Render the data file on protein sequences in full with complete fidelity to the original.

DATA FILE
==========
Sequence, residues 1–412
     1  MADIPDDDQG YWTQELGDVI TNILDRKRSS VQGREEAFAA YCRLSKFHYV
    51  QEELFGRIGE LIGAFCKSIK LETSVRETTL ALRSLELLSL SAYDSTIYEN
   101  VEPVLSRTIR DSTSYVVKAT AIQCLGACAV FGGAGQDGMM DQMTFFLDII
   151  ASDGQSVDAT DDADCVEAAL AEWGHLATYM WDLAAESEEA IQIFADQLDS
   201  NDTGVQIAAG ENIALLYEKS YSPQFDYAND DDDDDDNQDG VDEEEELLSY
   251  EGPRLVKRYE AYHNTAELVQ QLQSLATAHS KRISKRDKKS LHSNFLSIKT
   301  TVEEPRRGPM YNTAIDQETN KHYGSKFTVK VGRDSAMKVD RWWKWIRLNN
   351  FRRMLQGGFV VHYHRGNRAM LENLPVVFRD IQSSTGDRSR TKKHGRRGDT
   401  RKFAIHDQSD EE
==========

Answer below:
Sequence, residues 1–412
     1  MADIPDDDQG YWTQELGDVI TNILDRKRSS VQGREEAFAA YCRLSKFHYV
    51  QEELFGRIGE LIGAFCKSIK LETSVRETTL ALRSLELLSL SAYDSTIYEN
   101  VEPVLSRTIR DSTSYVVKAT AIQCLGACAV FGGAGQDGMM DQMTFFLDII
   151  ASDGQSVDAT DDADCVEAAL AEWGHLATYM WDLAAESEEA IQIFADQLDS
   201  NDTGVQIAAG ENIALLYEKS YSPQFDYAND DDDDDDNQDG VDEEEELLSY
   251  EGPRLVKRYE AYHNTAELVQ QLQSLATAHS KRISKRDKKS LHSNFLSIKT
   301  TVEEPRRGPM YNTAIDQETN KHYGSKFTVK VGRDSAMKVD RWWKWIRLNN
   351  FRRMLQGGFV VHYHRGNRAM LENLPVVFRD IQSSTGDRSR TKKHGRRGDT
   401  RKFAIHDQSD EE